Often people think – if my son dies then I want his wife to have the money to look after the children. Once the “in-law” has that share in your estate you have no guarantee that it will be used to benefit the children. The money may be taken from the “in-law” through divorce or bankruptcy.

When money is left to grandchildren if their parent (ie your child) does not survive, then provisions can be included in the Will so that the money can be used for the children’s benefit – but the money does end up with the grandchildren and not with a stranger who at some later date marries your son/daughter in law.

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Wednesday, 9 February 2011


Employment – redundancy scoring

If employers are facing a true redundancy situation, then they have to proceed reasonably, identifying a pool of employees from whom the redundancies will be selected and then devising criteria by which to score them. The lowest scoring employees are made redundant

The Employment Tribunal will be keen to make sure that the criteria are fair and a 2010 case has shown that were the test is subjective (e.g. flexibility) rather than objective (e.g. timekeeping) then an explanation might be necessary, even if this is just a few notes by the assessor in the comments box beside the scores


Sunday, 6 February 2011


Employment – effective date of termination

Most employers and many employees know that the employee had 3 months in which to bring a claim in the Employment Tribunal for unfair dismissal and many of the other employment remedies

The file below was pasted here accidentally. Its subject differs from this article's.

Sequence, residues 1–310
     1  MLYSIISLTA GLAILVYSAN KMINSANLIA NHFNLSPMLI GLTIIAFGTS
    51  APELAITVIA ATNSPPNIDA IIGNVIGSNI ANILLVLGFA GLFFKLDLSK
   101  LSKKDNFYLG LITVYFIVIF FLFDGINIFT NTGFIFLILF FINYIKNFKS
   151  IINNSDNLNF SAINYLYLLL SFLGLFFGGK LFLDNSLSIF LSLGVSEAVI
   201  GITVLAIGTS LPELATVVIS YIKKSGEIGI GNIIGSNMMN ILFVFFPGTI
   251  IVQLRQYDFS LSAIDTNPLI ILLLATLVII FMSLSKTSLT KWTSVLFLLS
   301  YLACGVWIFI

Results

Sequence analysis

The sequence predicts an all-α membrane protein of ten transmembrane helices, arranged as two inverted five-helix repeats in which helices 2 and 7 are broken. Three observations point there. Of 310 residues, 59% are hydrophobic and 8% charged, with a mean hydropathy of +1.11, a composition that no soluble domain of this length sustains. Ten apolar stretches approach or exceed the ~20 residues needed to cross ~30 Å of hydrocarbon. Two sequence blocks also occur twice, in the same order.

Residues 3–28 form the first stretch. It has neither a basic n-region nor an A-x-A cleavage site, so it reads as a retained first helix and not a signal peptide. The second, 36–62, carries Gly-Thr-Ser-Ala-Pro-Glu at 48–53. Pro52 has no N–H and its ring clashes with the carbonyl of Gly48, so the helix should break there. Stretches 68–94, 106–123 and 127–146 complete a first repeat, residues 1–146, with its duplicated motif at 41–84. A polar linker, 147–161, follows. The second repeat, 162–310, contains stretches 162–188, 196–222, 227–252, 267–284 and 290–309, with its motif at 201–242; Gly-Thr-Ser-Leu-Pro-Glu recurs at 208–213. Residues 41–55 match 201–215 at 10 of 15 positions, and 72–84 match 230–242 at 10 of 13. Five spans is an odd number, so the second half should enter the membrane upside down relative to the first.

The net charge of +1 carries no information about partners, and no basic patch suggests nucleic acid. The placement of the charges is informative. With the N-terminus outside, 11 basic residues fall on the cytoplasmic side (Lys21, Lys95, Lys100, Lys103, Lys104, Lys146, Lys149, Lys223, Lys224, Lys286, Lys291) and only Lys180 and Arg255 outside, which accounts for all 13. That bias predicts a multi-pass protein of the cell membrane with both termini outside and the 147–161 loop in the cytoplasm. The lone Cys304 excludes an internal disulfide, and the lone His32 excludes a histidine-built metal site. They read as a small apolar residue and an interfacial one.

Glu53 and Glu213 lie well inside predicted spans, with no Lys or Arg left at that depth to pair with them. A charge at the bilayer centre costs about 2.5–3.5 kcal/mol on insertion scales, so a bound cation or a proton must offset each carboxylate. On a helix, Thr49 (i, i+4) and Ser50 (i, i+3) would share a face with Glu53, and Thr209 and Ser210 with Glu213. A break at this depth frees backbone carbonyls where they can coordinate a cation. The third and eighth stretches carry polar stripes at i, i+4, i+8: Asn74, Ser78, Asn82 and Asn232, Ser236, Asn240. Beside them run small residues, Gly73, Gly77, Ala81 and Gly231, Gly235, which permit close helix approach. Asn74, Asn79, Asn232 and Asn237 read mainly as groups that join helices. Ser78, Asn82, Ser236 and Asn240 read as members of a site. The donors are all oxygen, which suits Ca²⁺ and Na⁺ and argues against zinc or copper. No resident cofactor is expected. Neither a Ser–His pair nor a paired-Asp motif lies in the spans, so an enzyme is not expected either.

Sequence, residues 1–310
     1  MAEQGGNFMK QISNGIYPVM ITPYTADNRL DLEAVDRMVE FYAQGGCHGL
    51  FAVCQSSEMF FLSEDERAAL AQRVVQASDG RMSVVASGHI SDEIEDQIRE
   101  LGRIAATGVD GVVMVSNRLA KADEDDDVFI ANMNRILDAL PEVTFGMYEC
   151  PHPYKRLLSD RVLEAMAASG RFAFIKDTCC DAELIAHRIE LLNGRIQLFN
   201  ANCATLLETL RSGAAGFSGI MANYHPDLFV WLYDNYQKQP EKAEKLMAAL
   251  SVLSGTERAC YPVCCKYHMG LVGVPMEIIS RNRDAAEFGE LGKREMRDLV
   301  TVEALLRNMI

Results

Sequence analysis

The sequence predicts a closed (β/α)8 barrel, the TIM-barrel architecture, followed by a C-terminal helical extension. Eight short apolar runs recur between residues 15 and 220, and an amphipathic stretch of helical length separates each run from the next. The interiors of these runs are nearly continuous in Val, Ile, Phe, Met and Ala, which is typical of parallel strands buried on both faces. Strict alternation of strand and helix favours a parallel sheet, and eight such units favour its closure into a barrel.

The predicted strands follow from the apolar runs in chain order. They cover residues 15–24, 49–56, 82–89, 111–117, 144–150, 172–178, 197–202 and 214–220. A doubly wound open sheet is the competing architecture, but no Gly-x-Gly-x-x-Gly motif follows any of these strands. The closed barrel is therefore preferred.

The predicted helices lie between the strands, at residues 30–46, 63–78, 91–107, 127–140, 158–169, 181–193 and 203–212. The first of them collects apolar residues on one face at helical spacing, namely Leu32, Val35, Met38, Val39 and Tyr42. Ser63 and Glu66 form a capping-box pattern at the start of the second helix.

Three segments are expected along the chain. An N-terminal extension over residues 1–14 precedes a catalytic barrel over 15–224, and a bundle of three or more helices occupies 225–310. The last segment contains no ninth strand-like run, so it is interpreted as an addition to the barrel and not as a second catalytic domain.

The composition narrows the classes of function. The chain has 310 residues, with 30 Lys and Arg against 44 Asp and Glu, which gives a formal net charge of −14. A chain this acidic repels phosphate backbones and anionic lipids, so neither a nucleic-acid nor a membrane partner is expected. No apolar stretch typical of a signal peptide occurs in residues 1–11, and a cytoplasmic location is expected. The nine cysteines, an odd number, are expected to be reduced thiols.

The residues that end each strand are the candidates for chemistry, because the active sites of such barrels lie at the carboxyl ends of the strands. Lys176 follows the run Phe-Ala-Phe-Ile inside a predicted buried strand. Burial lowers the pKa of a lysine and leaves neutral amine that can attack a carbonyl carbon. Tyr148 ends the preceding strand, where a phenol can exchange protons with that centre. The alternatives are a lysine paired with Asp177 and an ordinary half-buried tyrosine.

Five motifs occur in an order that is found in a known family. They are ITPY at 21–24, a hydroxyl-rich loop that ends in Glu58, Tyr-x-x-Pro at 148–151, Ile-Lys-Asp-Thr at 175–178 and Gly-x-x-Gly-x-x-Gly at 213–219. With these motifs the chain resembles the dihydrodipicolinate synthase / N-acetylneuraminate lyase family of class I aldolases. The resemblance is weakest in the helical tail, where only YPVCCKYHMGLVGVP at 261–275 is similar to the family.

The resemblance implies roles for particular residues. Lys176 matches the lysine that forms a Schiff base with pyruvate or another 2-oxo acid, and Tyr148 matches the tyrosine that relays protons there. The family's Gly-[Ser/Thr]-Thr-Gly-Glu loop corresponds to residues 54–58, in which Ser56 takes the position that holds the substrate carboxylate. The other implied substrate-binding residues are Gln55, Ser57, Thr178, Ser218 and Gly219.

The 3 months runs from the Effective Date of Termination. When is that, when the employer sends notice of instant dismissal by post?

Is it when the letter is posted? Is it when it arrives? Is it when the employee has had a reasonable opportunity to read the letter? Is it when it is read?

The answer is: when the employee has had a reasonable opportunity to read the letter!

It will be appreciated that this introduces uncertainty. The better course of action is to insist upon a face-to-face interview with the employee and dismiss the employee at that meeting


Friday, 4 February 2011


Landlord unreasonably withholding consent to assign

A landlord must respond promptly to a request for a licence to assign and if he is minded to refuse, then he should give reasons. These must be comprehensive. He cannot think of new ones later

If the tenants application for a licence to assign is incomplete, in that it does not contain enough information, then the landlord should simply reject the application, giving reasons/saying what is missing

The tenant will have to make another application


Tuesday, 1 February 2011


Long stop dates in any commercial contract

Do not assume that any date inserted into a commercial contract is a final one; assume it is more of a target rather than a final date after which certain consequences flow

In order to make that date final, add the words "time to be of the essence"


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Call Michael Breeze on 07900 195 195 or call 0845 270 2511 to if you need legal advise about any of these issues

Kaslers Solicitors LLP is a limited liability partnership registered in England under LLP no. OC310653; authorised and regulated by the Solicitors Regulation Authority under reg no 408936; governed by professional rules set out in the Code of Conduct click here to visit and has its registered office / main trading address at Suite 3, 10 Churchill Square, Kings Hill, West Malling, Kent ME19 4YU - tel: +44 (0)845 270 2511; fax: +44 (0)845 270 2513; DX 92863 West Malling.
The LLP Members are Michael D Breeze LL.B (Hons) (SRA reg no 110184) and Simon McCree Scott LL.B (Hons) (SRA reg no 298202).